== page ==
What do these data on the magnitude of the food and beverage packaging industries mean to individual food and food packaging scientists and technologists? From a purely economic perspective, millions of persons are employed in producing, packaging, and distributing the converted output of all the farms here in North America and elsewhere. The disruption of the processing, grocery, and foodservice infrastructure—nearly 1 million retail operations—would be staggering without packaged foods and beverages.
From a human perspective, local farmers could not make a dent in the food supply system of this—or any other—developed country. If far less than 4% of our population delivers our food today, imagine the number of persons who would be required if food/beverage processing and packaging were significantly truncated. We would surely revert to the food economy of the 1930s, which was hardly an era of historic prosperity in that context.
Food Science Ramifications
About 20,000 new food and beverage products are rolled out annually in the United States, and it is clear that this amazing figure is driven by consumer demand and not by processor/marketer push. Each new product is enveloped in a new primary package, plus a new distribution package necessary for its delivery to a point in the system where it will be available to the targeted consumer.
Data from IFT suggest that about 40% of all members are involved in food/beverage product development. Thus, any disruption of packaging would lead to a reduction in the number of professionals employed in the food/beverage product development process.
Conversely, the factual data of food/beverage product and packaging development suggest opportunities for cost reduction, functional improvement, and enhancement—all of which require research and opportunity evaluation. With this massive supply/support base, innovation from around the world can be cited to benefit food/beverage product protection and other key functions afforded by packaging. And food scientists and technologists are not infrequently employed by members of the packaging-supply community.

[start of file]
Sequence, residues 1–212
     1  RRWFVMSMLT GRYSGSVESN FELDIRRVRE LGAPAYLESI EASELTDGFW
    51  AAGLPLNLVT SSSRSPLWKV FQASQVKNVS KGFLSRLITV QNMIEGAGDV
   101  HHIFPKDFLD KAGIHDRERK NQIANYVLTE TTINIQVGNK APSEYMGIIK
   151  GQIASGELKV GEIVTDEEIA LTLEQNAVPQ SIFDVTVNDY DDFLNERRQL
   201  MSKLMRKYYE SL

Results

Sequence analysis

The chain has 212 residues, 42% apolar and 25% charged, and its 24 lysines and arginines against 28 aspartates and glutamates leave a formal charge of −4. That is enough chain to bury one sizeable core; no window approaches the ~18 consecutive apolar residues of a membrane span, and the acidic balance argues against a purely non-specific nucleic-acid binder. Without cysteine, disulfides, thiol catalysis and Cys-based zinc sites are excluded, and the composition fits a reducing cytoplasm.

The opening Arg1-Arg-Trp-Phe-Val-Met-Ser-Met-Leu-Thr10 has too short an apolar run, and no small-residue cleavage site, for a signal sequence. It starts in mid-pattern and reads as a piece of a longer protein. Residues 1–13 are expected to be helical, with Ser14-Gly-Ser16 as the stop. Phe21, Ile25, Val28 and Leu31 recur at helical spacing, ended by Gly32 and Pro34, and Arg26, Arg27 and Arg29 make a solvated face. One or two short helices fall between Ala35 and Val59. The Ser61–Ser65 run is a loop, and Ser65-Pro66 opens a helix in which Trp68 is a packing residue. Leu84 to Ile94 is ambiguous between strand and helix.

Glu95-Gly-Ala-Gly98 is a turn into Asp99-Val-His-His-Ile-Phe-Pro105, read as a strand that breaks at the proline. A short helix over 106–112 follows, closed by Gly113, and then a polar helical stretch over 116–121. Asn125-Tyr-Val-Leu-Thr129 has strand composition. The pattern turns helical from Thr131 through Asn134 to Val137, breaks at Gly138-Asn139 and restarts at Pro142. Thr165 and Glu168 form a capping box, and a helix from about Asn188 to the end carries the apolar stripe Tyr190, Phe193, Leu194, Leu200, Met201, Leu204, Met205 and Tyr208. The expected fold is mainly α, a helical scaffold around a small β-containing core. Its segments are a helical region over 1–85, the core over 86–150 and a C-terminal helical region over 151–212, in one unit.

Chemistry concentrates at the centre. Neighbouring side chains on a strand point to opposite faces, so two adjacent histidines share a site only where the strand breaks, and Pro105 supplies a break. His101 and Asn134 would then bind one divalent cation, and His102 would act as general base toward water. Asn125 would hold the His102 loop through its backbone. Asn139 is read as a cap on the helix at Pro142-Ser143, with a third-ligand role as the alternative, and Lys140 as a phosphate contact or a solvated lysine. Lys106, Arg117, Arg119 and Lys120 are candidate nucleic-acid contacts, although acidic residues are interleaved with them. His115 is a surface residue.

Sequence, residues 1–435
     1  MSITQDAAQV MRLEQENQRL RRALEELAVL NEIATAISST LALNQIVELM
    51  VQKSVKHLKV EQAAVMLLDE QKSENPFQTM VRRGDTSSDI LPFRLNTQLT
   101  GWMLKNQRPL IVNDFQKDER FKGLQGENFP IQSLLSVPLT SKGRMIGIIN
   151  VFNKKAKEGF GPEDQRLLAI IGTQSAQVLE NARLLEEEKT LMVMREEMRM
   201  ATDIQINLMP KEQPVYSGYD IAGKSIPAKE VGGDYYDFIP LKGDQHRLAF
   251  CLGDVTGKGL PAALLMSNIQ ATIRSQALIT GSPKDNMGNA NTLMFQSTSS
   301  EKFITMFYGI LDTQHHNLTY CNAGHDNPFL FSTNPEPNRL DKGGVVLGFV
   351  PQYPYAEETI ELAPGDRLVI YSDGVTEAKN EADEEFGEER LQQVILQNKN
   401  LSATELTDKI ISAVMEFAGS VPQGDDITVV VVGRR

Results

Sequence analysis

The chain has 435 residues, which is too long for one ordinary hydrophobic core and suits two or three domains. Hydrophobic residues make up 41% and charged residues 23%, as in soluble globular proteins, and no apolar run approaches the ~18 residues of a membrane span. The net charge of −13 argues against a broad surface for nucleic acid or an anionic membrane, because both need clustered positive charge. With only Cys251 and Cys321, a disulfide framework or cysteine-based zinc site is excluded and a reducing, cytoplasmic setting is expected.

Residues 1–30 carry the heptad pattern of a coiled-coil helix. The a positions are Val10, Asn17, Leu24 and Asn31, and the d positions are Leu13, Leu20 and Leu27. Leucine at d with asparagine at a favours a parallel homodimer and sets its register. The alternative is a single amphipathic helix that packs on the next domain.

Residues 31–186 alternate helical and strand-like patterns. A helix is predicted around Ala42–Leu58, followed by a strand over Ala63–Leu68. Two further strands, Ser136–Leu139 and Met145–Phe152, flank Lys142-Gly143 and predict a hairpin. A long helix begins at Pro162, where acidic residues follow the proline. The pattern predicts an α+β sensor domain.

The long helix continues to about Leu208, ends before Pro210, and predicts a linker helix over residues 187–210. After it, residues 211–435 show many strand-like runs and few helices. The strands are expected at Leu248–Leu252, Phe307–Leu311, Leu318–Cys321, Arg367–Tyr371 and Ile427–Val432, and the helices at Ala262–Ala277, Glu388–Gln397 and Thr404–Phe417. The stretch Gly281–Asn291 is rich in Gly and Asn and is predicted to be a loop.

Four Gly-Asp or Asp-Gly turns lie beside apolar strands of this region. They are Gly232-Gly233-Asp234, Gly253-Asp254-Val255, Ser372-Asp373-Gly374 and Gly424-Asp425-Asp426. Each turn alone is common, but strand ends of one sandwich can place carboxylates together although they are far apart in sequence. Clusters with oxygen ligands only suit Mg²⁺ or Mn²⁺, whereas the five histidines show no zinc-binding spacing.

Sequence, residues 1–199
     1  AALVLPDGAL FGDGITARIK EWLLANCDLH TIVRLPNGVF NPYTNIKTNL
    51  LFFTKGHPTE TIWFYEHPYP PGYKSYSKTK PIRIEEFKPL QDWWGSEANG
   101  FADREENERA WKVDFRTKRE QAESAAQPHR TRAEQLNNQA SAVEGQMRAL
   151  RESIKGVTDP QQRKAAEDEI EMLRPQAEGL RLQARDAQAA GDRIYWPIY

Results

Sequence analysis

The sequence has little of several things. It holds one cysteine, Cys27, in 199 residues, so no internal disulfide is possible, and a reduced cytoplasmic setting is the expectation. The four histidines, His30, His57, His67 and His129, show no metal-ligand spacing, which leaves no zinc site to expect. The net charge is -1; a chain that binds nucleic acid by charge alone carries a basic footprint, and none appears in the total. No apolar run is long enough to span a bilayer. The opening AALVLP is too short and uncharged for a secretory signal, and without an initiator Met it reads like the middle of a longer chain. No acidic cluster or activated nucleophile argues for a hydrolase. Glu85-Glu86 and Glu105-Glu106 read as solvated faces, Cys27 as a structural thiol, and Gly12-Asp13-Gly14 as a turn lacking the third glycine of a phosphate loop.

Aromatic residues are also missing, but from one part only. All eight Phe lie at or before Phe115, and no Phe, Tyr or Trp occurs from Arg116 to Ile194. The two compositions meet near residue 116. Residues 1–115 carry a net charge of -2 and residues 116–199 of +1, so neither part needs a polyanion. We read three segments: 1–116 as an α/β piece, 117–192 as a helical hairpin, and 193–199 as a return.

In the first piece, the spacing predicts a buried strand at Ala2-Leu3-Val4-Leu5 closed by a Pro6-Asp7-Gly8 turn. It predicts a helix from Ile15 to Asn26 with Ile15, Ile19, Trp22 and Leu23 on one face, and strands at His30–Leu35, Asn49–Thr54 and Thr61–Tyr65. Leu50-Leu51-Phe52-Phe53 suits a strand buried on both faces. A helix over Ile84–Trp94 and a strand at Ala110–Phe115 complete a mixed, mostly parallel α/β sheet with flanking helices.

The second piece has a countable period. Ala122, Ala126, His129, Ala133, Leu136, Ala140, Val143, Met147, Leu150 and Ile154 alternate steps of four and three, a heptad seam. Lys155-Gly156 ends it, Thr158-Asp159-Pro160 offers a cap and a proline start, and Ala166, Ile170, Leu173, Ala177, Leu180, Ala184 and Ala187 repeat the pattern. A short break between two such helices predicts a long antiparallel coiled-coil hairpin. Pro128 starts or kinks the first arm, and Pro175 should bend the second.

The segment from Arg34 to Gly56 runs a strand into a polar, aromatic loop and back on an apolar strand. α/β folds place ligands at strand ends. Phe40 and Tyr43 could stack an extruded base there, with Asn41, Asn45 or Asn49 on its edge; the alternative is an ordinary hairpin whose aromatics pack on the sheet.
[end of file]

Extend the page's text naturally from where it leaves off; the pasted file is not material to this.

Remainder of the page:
It’s Time to Get Creative
Perhaps the most important conclusion to be drawn from the data is that widespread opportunities for innovation exist. With this vast array of offerings permeating the food and beverage industries, there is no imperative to adhere to the old party line. Look beyond the conventional to what so many others in parallel sectors are daring to do, and piggyback on their successes.
Our history demonstrates long-term evolution as we converted into polyester bottles, stand-up flexible pouches, extended shelf-life chilled beverages, aseptic technologies, servo-driven equipment, computer-managed distribution… the examples abound. Examination of the numbers of 20 years ago vs those of today will illustrate change—and should spark the notion that further drilling into today’s data will shine on routes to future innovation that two decades hence will come to be accepted as mainstream. The cliché advises us to “think outside the box.” Or, in our lingo, just think!
by Aaron L. Brody,
Ph.D., Contributing Editor ,
President and CEO, Packaging/Brody, Inc., Duluth, Ga.